An angle-shaped panel attachment angle 679 is first secured to the utility wall 535B with a fastener 681B as shown in FIG. 31 to allow for the attachment of the final metal panel 661C. A clip member 680 shaped as a rigid S is attached to the utility wall 535A by a panel fastener 681A inserted horizontally through the clip member 680 into the utility wall 535A. The upper portion of the first clip member 680 that fits vertically into a small, space 677 of the lower portion 663B of the metal panel 661B and holds the lower portion 663B to the utility wall 535A. A trim 682 is also attached to the exterior surface of the utility wall 535A by the same fastener 681 that holds the first clip member 680 to the utility wall 535A. The trim 682 is preferably made of metal but other similar materials can be used and is not meant to be limiting. A latch 684 shaped as an L that protrudes out from the upper portion 662A of the final metal panel 661A. The metal trim 682 catches onto and over the latch 684 to hold the final metal panel 661A to the exterior plumbing wall 540A. Upon installing the final metal panel 661A and the metal trim 682, a backer rod 683 is sealed at the joint between the two metal panels 661A-B and over the panel fastener 681 to cover the joint. The installation of this final metal panel 661A and trim 682 complete the installation of the utility walls 535A-B creating a weather-tight and water-tight system.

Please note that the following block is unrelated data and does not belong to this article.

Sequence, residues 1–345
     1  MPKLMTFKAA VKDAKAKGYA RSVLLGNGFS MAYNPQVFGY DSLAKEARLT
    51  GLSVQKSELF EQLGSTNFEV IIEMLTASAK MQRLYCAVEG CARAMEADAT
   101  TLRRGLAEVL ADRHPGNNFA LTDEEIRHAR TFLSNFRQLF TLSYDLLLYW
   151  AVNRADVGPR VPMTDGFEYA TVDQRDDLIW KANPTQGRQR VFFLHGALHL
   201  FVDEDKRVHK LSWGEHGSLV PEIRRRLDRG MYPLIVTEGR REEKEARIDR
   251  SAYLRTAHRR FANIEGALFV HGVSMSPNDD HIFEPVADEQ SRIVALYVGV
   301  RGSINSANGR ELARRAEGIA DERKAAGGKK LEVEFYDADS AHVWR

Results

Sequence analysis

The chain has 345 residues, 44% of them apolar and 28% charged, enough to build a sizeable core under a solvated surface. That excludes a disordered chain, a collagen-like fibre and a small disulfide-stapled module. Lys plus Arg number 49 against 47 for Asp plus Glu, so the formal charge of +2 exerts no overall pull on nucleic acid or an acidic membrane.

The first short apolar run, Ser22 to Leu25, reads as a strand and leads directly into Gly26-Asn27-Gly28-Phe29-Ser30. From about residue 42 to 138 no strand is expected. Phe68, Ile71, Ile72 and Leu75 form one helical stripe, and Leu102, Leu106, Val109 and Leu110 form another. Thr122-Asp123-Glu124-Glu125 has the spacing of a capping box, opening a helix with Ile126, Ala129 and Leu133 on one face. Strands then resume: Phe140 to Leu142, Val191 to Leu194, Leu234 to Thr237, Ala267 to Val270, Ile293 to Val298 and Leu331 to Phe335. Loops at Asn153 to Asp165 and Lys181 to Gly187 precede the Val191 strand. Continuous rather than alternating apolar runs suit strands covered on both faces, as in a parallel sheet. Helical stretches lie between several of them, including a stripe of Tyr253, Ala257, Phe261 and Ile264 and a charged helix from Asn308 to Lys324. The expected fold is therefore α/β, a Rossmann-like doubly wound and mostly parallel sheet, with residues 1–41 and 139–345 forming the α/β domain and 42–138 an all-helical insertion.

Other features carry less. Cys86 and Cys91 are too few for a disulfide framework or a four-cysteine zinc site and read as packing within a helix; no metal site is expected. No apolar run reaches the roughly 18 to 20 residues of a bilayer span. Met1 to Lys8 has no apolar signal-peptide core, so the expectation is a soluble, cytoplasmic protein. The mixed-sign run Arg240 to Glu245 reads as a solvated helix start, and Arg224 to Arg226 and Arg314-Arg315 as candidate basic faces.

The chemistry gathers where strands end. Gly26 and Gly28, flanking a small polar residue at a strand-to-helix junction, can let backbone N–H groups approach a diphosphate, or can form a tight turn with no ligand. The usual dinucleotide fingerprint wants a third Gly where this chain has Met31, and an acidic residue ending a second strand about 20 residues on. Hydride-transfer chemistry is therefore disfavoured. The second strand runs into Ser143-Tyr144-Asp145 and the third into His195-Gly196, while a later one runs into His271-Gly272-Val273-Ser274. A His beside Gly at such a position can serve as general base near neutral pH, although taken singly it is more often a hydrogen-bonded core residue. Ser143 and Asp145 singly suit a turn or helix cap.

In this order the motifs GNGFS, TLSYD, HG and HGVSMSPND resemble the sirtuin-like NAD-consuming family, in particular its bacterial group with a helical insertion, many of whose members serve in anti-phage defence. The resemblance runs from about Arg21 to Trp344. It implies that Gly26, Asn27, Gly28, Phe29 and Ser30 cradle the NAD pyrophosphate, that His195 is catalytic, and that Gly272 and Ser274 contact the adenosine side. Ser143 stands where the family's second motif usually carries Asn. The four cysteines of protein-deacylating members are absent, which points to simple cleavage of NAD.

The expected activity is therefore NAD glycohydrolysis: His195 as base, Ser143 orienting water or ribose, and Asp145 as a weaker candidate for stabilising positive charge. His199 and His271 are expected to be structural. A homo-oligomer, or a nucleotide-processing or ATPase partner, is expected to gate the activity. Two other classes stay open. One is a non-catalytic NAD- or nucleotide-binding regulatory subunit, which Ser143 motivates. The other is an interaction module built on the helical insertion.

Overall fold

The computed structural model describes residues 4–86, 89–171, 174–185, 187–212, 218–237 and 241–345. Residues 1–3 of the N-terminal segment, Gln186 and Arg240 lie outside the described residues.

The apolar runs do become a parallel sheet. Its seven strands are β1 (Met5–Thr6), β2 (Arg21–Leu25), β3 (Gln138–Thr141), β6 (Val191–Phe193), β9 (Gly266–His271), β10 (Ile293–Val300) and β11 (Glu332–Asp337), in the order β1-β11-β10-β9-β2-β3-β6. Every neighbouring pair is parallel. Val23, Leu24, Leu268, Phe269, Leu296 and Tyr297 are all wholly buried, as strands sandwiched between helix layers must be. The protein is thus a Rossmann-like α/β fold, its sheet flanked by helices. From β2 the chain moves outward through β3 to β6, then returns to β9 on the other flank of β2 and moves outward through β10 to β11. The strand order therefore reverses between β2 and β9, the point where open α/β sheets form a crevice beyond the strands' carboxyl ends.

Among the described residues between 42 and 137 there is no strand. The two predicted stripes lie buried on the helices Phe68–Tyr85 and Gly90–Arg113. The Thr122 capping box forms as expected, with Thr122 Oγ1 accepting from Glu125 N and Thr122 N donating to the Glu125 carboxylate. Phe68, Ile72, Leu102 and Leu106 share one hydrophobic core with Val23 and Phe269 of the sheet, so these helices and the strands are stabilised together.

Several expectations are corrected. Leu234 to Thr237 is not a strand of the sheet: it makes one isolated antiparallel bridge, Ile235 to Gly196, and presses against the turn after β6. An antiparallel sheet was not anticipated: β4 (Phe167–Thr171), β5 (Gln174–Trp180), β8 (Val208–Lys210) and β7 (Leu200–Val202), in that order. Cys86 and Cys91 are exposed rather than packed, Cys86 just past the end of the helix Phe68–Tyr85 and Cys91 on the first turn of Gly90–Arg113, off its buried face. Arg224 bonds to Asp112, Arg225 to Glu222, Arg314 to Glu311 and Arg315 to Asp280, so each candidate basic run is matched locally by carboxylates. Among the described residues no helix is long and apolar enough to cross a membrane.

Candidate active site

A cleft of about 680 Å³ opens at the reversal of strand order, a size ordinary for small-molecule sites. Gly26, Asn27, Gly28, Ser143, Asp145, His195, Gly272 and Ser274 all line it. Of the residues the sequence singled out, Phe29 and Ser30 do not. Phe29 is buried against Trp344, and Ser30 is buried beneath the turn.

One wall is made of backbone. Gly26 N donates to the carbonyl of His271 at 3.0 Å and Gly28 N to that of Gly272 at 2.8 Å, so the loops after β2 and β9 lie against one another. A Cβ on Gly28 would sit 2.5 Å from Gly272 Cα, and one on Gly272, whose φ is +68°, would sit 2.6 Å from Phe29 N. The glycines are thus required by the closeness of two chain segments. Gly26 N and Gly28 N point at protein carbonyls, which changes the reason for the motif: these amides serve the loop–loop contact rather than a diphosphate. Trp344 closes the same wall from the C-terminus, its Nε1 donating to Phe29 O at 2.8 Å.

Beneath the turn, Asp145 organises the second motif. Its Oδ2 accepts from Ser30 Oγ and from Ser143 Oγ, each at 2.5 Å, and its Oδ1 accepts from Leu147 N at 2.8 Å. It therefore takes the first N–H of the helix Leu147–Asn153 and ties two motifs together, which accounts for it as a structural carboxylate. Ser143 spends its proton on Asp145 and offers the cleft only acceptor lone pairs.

The next step of constructing a building is connecting utility components and installing fixtures. All of the unit's utility connections occur at the utility walls 535. The electrical and communications main lines run vertically in the utility wall 535. At each unit, the electrical service feeds directly into the utility wall's 535 breaker panel. Wiring connections to other wall components occur via pre-installed wiring. Electrical and communications connections are carried out at the time of installation of each adjacent utility wall 535. In FIG. 28A, a side view of the utility wall 535 is shown without the bath and kitchen components in place. The bathroom floor pan 555 with the drain 556 is set in grout first after installing the utility wall 535. The utility wall 535 has first and second vents 576A-B located respectively in the bathroom 553 and kitchen 569 on top portions of the utility wall 535. The utility wall 535 also has first and second plumbing 580A-B for supply and waste for connecting the bathroom vanity 557 and sink 571A with a sink and kitchen unit 570. There are a plurality of outlets 581A-H located in the utility wall 535 for the bathroom 553 and kitchen 569. The utility wall 535 that arrives on-site also has pre-integrated shower head 561 and shower valves 551.

FIG. 28B illustrates the utility wall 535 with bathroom and kitchen components installed on the utility wall 535. Installation of plumbing fixtures occur immediately after utility connections are made to the utility wall 535. Sinks 571A-B are pre-installed in the bathroom vanity 557 and kitchen unit 570. Cabinets 573A-B are delivered and installed immediately after the utility wall 535 is installed. All wiring within a given unit feed back to the unit's electrical panel 577.